Climate Dynamics

, Volume 43, Issue 7–8, pp 2043–2059 | Cite as

A dissection of the surface temperature biases in the Community Earth System Model

  • Tae-Won Park
  • Yi Deng
  • Ming Cai
  • Jee-Hoon Jeong
  • Renjun Zhou


Based upon the climate feedback-responses analysis method, a quantitative attribution analysis is conducted for the annual-mean surface temperature biases in the Community Earth System Model version 1 (CESM1). Surface temperature biases are decomposed into partial temperature biases associated with model biases in albedo, water vapor, cloud, sensible/latent heat flux, surface dynamics, and atmospheric dynamics. A globally-averaged cold bias of −1.22 K in CESM1 is largely attributable to albedo bias that accounts for approximately −0.80 K. Over land, albedo bias contributes −1.20 K to the averaged cold bias of −1.45 K. The cold bias over ocean, on the other hand, results from multiple factors including albedo, cloud, oceanic dynamics, and atmospheric dynamics. Bias in the model representation of oceanic dynamics is the primary cause of cold (warm) biases in the Northern (Southern) Hemisphere oceans while surface latent heat flux over oceans always acts to compensate for the overall temperature biases. Albedo bias resulted from the model’s simulation of snow cover and sea ice is the main contributor to temperature biases over high-latitude lands and the Arctic and Antarctic region. Longwave effect of water vapor is responsible for an overall warm (cold) bias in the subtropics (tropics) due to an overestimate (underestimate) of specific humidity in the region. Cloud forcing of temperature biases exhibits large regional variations and the model bias in the simulated ocean mixed layer depth is a key contributor to the partial sea surface temperature biases associated with oceanic dynamics. On a global scale, biases in the model representation of radiative processes account more for surface temperature biases compared to non-radiative, dynamical processes.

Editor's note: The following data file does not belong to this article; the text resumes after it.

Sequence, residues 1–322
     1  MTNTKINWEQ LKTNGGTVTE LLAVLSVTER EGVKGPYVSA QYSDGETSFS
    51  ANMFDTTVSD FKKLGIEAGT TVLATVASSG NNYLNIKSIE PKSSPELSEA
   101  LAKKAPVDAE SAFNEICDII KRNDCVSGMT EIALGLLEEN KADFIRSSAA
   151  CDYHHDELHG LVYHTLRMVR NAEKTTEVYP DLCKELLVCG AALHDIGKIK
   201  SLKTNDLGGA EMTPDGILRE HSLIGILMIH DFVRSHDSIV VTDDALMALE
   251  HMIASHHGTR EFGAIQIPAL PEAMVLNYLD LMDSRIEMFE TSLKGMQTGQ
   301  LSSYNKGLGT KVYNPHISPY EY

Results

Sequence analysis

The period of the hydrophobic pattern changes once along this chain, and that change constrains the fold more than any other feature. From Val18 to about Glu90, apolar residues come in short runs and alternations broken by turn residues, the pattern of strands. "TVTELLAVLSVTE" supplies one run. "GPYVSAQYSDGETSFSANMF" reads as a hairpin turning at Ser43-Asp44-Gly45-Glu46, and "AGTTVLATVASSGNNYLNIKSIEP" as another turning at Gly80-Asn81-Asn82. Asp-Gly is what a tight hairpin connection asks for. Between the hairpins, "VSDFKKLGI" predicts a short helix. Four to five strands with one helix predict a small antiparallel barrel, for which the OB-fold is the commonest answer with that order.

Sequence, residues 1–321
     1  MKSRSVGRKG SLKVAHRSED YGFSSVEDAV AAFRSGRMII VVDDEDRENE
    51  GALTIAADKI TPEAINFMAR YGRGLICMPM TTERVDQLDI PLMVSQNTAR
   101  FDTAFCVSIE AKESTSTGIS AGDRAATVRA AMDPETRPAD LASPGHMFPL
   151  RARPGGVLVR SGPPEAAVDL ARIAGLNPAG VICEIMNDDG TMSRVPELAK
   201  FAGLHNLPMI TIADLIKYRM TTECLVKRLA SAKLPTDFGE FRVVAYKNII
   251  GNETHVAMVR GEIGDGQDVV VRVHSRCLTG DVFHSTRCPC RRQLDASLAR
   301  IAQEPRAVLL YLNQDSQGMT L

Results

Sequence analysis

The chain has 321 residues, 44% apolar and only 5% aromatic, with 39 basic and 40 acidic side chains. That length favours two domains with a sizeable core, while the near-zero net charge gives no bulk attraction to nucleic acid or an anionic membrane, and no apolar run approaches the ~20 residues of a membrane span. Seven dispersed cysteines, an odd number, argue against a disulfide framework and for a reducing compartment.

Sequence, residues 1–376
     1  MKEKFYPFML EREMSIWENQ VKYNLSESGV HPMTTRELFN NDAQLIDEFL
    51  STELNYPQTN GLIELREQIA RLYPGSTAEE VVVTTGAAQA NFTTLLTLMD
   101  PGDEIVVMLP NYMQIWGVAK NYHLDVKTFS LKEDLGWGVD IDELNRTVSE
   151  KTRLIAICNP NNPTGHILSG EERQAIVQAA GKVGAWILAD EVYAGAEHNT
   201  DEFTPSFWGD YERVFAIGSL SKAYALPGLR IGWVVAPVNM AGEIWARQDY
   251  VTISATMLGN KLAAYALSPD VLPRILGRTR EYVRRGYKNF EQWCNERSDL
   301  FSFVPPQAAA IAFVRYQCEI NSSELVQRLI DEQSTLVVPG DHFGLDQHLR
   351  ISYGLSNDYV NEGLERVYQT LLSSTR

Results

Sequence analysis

CESM1 surface temperature bias Temperature decomposition Radiative and nonradiative processes Climate feedback-responses analysis method 



The ERA-Interim data used in this study were provided by the European Centre for Medium-Range Weather forecast (ECMFW). The Georgia Tech authors (Deng and Park) and FSU author (Cai) were supported by DOE Office of Science Regional and Global Climate Modeling (RGCM) program DE-SC0005596 and Grant DE-SC0004974, respectively. Deng is also supported by NSF grant AGS 114760. Jee-Hoon Jeong is supported by the Korea Meteorological Administration Research and Development Program under Grant CATER 2013-3066.


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Copyright information

© Springer-Verlag Berlin Heidelberg 2013

Authors and Affiliations

  1. 1.School of Earth and Atmospheric SciencesGeorgia Institute of TechnologyAtlantaUSA
  2. 2.Department of Earth, Ocean, and Atmospheric ScienceFlorida State UniversityTallahasseeUSA
  3. 3.Faculty of Earth Systems and Environmental SciencesChonnam National UniversityGwangjuSouth Korea
  4. 4.School of Earth and Space SciencesUniversity of Science and Technology of ChinaHefeiChina

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